Whatever the truth of that is, their friendship is a great one to watch on-screen. We see that the “Blue Ogre” story has real-life roots, a kindergarten play that would set the tone for the boys’ friendship (I suspect that fairy tale is going to prove to be quite pivotal in the story). Takeo’s attempts to figure out Suna’s interests in girls are hilarious, and it’s quite telling that he finds Suna “a hard one to read” while Suna reads Takeo like a book. Not only does Takeo wear his heart on his sleeve while Suna keeps his a closely guarded secret, Suna is a highly observant kid. He spends most of his time watching others and figuring them out – and there’s probably no one outside of his immediate family (and even there it might be close) he’s spent more time watching than Takeo.
That being said, it would be hard – though not impossible – to believe Suna doesn’t see the truth of what’s happening between Takeo and Yamato. And if he does, why not do what everyone in the audience would like to do – grab Takeo by those massive shoulders and shake him like a maraca? If one were so inclined they might guess it’s because Yamato is the girl Suna has finally developed feelings for – but that’s pure conjecture. What’s not conjecture is that Takeo has completely misread the situation. Yamato is absolutely, 100% crushing on him – clearly, the only reason she didn’t want Suna to leave in the premiere was because she was nervous being alone with Takeo so soon. The colorful genki texts, the phone calls, the baking – in her adorable way Yamato is sending every signal she can, but unlike the night man at the Hotel California, Takeo isn’t programmed to receive.
Irritating as it is, I can totally buy Takeo misreading all those signals, and it’s pretty heartbreaking. Here we have a nice guy with a heart of gold, so beaten down by life that he can’t accept even the possibility that a cute girl (or any girl, probably) could like him (and not Suna). It’s nice for Takeo that Suna has had his back all these years, and I’m sure being friends with a school idol like him has spared Takeo from an even more painful childhood in an even deeper way than what we were shown in Takeo’s flashbacks. But it’s still the grim reality that he’s just the freak blocking the view – that’s all he’s probably ever been, to every girl who every tried to get close to either of the guys.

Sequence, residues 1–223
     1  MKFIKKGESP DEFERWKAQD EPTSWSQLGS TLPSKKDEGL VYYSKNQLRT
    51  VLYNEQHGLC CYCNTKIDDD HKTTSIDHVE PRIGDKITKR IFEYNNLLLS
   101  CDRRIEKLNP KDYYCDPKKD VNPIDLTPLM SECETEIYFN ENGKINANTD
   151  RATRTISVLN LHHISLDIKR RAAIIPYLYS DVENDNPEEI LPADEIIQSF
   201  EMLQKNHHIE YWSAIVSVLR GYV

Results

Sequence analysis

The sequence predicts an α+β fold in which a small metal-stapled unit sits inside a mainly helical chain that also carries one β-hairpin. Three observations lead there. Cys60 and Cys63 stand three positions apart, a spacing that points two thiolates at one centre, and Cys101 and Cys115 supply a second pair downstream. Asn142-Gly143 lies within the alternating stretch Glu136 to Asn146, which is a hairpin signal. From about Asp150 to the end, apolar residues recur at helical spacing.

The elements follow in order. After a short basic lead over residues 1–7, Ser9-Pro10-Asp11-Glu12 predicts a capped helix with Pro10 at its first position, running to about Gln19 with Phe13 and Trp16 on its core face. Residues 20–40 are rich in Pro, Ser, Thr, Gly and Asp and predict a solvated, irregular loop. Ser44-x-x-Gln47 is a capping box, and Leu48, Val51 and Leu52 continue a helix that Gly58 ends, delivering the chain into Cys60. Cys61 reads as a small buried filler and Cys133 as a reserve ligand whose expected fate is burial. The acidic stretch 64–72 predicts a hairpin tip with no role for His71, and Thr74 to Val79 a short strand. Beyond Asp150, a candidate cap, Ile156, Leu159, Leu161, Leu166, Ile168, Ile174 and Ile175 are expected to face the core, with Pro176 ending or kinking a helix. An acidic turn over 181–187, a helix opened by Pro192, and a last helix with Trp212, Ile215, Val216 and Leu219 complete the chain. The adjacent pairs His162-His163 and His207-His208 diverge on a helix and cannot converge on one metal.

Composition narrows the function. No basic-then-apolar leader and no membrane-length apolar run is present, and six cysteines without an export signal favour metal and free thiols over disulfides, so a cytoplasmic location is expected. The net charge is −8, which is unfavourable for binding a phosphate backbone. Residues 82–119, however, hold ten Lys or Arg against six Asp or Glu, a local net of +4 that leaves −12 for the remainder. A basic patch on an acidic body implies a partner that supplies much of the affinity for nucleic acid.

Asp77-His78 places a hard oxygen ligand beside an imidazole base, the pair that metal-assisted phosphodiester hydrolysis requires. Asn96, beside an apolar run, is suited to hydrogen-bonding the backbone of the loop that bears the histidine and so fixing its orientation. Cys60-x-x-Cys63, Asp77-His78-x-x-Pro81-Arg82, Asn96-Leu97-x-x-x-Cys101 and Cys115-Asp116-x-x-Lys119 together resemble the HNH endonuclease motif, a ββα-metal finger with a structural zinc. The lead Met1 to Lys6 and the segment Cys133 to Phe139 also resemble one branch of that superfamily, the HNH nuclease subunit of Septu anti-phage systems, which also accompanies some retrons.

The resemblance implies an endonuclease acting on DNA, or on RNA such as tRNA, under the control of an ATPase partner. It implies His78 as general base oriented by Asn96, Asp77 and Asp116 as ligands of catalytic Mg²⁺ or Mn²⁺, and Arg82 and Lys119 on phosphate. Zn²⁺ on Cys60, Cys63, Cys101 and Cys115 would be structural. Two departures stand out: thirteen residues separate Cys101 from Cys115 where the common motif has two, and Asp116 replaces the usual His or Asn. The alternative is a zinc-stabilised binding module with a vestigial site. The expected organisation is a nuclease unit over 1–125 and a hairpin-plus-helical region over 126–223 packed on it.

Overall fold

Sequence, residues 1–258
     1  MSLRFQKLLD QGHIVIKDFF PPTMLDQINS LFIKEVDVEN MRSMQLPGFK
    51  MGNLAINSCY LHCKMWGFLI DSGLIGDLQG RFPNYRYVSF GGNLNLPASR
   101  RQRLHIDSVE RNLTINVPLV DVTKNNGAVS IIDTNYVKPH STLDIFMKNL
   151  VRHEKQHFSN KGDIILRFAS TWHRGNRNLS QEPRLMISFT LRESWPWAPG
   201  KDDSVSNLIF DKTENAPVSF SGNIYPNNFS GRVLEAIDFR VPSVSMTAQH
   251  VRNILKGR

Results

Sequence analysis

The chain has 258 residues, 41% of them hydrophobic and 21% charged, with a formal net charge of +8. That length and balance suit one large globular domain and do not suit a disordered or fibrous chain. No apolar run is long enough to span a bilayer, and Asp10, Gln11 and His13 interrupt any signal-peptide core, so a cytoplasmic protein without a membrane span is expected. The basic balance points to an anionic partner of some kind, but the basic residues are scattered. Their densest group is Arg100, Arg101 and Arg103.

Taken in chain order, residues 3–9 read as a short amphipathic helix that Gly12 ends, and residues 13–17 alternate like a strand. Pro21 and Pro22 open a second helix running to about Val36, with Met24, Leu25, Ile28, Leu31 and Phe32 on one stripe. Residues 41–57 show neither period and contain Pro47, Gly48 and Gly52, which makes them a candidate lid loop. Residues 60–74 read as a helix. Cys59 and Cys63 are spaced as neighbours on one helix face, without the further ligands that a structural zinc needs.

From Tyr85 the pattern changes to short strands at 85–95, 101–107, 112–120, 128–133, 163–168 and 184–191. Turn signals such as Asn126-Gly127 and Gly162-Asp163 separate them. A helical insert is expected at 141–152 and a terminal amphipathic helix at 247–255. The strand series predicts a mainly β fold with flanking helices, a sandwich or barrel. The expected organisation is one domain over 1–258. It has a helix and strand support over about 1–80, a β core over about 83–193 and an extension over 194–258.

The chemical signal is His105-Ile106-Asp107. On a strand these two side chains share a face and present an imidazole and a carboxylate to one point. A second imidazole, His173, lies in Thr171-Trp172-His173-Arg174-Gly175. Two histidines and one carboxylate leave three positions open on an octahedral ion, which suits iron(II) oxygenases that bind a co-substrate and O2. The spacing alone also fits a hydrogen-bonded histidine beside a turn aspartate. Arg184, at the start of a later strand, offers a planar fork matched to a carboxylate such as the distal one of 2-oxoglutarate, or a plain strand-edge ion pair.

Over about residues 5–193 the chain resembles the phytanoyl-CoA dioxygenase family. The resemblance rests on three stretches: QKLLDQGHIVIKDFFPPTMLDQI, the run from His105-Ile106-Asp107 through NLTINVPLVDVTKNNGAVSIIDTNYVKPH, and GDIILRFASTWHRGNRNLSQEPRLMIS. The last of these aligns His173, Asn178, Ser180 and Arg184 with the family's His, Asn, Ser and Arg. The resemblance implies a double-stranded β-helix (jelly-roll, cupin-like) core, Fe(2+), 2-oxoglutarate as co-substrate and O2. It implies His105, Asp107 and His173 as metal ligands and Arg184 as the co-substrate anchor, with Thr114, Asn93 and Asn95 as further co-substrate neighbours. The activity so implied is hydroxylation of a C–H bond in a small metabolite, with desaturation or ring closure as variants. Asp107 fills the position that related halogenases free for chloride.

I could have done without the falling girder scene to be honest – it was so silly (and convenient) that it took me out of the moment. And the point it drives home is none too subtle, either, though it’s certainly an important one – even here, Takeo misreads the moment. Suna isn’t using the situation to take advantage of a chance with Yamato – he has Takeo’s back as always, and so does Yamato besides. Even when Yamato comes right out in her phone call (which is bold enough as is – a phone call?) and asks Takeo to come alone next time, the big lug still can’t see the truth – he’s convinced she just wants relationship advice on how to pursue Suna.
Where do we go from here? Well, given that this is a two-cour series and the manga is ongoing, it’s hard to believe it’s going to be a comedy of misunderstanding forever. Either Takeo and Yamato are going to figure it out and this will be a slice-of-life romance about their relationship (which I doubt can happen this soon), or the dynamic has to change. Suna has to develop feelings for Yamato, or she for him – or sure, Suna for Takeo. Whatever the case may be, one of the best measures of a series’ success is the degree to which I’m sorry when the episode ends – and for two weeks straight I’ve been bummed out with the credits’ arrival. I really want to spend more time with these three – they’re fun to be with and easy to love, and for a series like this one, you can’t build a much stronger foundation than that.